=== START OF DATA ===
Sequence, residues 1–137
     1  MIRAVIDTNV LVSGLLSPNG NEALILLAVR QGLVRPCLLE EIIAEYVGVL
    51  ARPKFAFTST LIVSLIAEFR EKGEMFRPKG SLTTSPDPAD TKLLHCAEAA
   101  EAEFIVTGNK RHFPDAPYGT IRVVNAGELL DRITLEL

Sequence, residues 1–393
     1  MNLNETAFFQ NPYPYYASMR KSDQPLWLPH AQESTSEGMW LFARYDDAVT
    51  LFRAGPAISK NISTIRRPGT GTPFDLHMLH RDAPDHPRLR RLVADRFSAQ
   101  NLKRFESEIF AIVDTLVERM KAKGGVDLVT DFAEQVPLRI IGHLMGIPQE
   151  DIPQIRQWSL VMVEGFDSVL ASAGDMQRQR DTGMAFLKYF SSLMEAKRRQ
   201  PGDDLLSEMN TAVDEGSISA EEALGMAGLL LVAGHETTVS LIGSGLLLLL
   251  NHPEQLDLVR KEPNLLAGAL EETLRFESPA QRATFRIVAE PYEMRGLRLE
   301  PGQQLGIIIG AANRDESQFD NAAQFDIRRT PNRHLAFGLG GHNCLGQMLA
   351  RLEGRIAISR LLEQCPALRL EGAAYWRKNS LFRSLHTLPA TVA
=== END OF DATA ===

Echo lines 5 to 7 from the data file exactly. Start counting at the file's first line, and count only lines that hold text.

Sequence, residues 1–393
     1  MNLNETAFFQ NPYPYYASMR KSDQPLWLPH AQESTSEGMW LFARYDDAVT
    51  LFRAGPAISK NISTIRRPGT GTPFDLHMLH RDAPDHPRLR RLVADRFSAQ